As you know, I like things to be tidy. All of the seam allowances are either hidden between the layers of fabric or nicely finished. There are plastic bones in the darts and the side seams. The bodice is machine sewn and hand finished. (One amusing mistake is that I cut the lining with a center front opening for fitting purposes (and left lots of seam allowance, as you can see) but then forgot to leave seam allowance in the back… So the lining doesn’t extend all the way to the folded edge of the print, but it’s all covered up so no one will ever know and it fits just fine… it’s just one of those amusing things!)
The bodice closes with hooks and bars. I wanted to use metal bars but make sure they wouldn’t been seen, so I let about ¼” of the print extend past the points of the hooks to create an overlap. I also left extra print extended past the bars, in addition to all the seam allowance, in case I want or need to adjust the size of the bodice in the future. The bars are especially hard to spot on the print, but if you look carefully on the left you can see them. The neck and armsceyes both have very narrow cording.
The defining design details were obviously the low neck and short sleeves, but there were other common details as well, such as double puffs or pleats to trim the sleeves, tubular sleeves without very much fullness at the top or bottom, 1.5″-2″ waistbands sitting on the outside of the skirt waistband, and gathered or pleated fullness on the fronts and backs (no darts on any of these cotton bodices). Some of the bodices have a yoke around the top so that only the bottom portion of the bodice is gathered, but this look says “young girl” not “grown woman” to me, so I opted for a bodice without a yoke.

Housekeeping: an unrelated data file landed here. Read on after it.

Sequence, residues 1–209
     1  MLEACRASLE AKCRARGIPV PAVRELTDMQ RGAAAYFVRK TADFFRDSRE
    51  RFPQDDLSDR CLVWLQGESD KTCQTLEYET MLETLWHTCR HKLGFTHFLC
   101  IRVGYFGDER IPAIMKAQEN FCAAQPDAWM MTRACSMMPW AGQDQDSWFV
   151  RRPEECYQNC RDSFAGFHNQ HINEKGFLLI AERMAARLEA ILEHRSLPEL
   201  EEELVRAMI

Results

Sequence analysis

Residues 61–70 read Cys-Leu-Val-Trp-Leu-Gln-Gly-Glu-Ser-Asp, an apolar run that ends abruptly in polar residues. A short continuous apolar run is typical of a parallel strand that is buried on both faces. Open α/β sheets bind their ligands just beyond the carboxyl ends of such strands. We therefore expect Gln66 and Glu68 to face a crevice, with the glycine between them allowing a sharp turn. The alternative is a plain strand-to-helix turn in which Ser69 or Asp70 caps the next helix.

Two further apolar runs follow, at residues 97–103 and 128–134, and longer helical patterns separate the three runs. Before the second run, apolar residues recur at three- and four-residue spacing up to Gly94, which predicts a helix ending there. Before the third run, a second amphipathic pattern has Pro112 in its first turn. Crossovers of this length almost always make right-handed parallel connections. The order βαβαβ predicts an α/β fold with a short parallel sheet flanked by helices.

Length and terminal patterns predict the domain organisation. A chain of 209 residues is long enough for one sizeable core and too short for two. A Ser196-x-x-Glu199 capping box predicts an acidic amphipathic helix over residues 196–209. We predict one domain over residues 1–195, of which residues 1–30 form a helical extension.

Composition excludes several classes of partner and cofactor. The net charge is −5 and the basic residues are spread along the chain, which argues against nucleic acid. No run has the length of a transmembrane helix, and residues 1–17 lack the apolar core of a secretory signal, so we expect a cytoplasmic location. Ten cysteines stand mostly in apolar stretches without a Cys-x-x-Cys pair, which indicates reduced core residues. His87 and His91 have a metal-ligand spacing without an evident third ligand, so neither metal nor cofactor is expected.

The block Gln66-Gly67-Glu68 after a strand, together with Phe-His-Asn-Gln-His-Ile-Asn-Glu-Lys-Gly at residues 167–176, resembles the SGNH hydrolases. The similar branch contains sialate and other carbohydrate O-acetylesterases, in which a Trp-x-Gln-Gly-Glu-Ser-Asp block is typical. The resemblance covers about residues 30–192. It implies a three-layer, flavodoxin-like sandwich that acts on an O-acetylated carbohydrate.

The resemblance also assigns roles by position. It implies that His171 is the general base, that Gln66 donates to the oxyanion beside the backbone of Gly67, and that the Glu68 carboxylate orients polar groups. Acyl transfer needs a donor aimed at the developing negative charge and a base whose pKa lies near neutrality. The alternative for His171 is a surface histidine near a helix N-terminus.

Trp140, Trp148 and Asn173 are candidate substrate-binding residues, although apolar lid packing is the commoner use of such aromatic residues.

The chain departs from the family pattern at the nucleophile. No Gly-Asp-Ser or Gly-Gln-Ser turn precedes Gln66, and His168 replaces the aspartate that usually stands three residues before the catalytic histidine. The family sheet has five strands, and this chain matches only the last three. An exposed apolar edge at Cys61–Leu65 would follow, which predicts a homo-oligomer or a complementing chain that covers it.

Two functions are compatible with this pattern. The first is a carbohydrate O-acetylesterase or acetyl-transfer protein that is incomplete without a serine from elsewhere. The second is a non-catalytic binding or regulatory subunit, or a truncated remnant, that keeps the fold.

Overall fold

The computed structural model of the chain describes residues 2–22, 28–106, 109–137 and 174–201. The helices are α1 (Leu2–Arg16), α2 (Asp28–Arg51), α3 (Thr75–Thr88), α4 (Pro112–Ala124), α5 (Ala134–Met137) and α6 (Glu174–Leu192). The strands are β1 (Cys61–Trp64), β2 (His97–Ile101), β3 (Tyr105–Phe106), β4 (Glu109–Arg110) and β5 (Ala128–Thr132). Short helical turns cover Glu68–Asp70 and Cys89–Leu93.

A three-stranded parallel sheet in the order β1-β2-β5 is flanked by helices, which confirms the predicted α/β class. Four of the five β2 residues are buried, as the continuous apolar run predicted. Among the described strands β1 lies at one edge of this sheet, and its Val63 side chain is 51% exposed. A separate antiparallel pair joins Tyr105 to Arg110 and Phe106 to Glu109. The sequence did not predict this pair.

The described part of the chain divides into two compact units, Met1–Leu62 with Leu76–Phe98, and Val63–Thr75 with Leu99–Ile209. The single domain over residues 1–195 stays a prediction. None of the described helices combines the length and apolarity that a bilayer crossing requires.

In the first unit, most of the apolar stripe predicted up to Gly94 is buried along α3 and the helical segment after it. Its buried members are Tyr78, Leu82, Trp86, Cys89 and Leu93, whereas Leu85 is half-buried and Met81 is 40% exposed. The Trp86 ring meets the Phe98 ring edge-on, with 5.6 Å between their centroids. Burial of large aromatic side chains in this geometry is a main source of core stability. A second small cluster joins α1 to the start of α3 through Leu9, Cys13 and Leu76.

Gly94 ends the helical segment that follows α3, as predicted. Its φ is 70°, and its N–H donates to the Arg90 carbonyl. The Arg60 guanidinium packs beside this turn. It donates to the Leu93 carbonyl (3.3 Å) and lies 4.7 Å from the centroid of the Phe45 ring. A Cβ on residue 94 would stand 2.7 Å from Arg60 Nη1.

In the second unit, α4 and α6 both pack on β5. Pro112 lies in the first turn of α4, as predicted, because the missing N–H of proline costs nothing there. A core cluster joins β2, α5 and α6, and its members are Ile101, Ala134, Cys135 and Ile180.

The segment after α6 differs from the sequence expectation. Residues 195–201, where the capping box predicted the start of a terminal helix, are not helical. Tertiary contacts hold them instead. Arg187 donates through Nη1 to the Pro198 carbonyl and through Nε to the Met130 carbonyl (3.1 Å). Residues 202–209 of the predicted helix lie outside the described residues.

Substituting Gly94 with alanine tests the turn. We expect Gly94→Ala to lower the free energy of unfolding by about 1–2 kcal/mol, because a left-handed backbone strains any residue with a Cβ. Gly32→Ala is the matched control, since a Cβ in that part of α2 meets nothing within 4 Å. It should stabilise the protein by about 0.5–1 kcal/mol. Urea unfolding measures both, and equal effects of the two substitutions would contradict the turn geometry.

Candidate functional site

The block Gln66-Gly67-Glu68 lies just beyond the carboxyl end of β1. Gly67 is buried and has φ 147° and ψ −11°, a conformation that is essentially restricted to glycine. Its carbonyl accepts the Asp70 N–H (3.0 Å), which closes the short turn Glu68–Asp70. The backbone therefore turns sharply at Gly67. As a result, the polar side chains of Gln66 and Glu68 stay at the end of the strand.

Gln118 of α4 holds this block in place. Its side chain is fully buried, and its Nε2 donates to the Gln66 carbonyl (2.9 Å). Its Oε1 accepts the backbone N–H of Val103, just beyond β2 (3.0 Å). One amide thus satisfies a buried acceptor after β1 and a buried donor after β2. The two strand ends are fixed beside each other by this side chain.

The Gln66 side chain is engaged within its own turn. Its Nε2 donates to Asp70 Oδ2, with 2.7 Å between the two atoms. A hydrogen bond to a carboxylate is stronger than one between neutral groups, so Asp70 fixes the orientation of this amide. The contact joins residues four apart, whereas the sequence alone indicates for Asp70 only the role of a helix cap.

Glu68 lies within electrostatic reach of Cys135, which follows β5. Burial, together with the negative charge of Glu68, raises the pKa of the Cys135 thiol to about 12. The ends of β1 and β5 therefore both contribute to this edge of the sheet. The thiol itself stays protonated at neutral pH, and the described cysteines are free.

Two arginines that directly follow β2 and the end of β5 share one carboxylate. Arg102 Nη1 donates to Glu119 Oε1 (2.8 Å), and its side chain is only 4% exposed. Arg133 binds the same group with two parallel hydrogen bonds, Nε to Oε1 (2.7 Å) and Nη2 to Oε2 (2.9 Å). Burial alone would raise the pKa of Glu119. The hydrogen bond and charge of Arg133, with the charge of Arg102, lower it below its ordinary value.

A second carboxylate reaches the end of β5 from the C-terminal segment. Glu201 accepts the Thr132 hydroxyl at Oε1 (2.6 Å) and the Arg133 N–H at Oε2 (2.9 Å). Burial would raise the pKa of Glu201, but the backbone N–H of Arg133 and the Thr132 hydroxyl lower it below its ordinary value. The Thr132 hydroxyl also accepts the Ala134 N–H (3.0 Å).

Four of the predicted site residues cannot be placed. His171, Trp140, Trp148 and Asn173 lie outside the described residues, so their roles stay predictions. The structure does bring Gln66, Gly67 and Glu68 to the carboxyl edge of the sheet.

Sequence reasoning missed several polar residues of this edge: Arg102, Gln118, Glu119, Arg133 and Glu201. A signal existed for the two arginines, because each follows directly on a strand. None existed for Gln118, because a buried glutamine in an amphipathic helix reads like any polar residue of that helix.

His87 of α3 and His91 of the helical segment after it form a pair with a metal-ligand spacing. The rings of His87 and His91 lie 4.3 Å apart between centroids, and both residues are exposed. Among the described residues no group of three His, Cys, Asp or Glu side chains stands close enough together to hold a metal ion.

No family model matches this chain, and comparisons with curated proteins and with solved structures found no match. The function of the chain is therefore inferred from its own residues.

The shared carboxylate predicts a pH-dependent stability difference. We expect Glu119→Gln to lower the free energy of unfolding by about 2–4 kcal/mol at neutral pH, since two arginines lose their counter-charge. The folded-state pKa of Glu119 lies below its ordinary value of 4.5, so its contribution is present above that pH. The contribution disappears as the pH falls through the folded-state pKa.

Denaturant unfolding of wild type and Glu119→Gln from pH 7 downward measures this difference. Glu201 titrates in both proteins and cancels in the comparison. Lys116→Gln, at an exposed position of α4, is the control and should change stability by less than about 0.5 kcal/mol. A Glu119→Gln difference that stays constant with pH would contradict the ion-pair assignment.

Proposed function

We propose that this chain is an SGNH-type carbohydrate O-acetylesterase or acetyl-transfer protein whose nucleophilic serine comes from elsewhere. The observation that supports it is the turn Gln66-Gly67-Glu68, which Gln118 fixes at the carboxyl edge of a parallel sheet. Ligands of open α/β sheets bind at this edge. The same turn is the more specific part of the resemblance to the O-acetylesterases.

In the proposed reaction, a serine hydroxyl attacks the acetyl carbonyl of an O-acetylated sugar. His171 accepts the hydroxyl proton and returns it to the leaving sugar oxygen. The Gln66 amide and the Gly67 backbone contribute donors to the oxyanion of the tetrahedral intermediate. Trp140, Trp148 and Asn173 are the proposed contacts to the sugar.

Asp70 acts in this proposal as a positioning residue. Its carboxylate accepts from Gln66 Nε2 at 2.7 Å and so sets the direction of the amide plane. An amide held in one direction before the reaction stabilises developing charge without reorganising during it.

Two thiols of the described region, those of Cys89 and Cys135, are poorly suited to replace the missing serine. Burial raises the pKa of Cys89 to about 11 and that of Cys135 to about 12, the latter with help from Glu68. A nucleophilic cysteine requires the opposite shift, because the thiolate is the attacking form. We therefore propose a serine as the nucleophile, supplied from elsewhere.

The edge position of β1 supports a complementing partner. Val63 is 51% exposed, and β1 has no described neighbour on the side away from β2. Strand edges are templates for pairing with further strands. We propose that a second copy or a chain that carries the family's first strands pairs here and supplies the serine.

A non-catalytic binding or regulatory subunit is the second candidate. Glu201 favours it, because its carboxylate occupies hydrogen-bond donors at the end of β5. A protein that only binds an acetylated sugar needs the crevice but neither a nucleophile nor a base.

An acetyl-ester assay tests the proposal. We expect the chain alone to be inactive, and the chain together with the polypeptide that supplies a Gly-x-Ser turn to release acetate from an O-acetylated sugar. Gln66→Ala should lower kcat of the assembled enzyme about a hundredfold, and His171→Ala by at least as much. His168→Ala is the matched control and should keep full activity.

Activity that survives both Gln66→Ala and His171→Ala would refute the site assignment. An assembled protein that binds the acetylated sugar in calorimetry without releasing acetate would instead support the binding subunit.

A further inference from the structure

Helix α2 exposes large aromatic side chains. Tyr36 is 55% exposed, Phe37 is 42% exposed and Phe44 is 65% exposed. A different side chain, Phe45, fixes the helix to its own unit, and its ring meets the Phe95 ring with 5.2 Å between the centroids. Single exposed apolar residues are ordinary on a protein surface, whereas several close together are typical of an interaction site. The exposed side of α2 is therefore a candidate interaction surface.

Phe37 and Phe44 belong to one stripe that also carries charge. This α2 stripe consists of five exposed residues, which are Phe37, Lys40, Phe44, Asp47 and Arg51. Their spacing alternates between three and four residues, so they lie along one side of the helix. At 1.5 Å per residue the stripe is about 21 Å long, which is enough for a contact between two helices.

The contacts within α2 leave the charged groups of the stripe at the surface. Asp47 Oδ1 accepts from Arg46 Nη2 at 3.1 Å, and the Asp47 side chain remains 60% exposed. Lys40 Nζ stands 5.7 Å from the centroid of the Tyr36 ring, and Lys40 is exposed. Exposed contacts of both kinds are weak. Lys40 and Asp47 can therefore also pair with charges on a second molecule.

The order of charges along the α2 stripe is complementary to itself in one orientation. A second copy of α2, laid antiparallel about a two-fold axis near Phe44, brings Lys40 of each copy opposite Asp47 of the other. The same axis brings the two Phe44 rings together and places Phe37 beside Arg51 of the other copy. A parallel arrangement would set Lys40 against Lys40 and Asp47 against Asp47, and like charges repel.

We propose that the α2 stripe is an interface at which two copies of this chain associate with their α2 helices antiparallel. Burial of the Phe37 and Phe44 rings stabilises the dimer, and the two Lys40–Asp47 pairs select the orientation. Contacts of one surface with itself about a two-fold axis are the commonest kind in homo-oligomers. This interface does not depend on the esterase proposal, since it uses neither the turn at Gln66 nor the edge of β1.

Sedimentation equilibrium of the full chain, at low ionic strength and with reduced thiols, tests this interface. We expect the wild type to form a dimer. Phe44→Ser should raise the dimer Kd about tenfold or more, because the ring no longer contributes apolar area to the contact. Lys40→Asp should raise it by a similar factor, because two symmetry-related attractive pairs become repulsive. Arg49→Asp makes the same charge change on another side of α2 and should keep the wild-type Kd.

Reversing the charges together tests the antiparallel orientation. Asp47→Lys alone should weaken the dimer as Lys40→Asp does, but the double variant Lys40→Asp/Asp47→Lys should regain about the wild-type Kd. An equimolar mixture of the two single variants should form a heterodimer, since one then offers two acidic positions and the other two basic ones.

In terms of construction, to have enough fabric in the print for the pleats and gathers on the print fabric, I first constructed and fit the lining. Then I separated one side of the lining to use as a pattern and added width to have space for the pleats I had planned. Once I had cut the print, I reassembled the lining and mounted the pleated print on top. From there on I treated the two layers as one.
As I’ve looked at 1850s images and fashion plates in comparison to early 1860s, especially, what I’ve noticed is that the 1850s really attempted to make a woman’s head look round or wide, whereas by the early 1860s the styles begin to grown upward and become vertically elongated. Here are some great examples of the round 1850s hair look: from 1851-53, c. 1855, from 1857, another 1857, yet another 1857, one more from 1857, and one from 1859. Here’s a super wide 1850s style and here is an example of the different shape of the early 1860s. The very round shape is what I was attempting to complement my 1850s bodice.
How? Well, I put gel right at the roots of my hair while it was still wet and then encouraged it to stand up from my head rather than being pulled back. I let it dry like that and it stayed all day. Later in the day, I styled it for my 1940s Anne Adams dress photos by brushing it out (and brushing my hair when it’s dry makes it big!!!). There was lots of added hair spray for that style, so when I went to restyle it there was plenty of fullness and air in my hair. I puffed the fronts and pinned them up and behind my ears then did a big roll with the rest.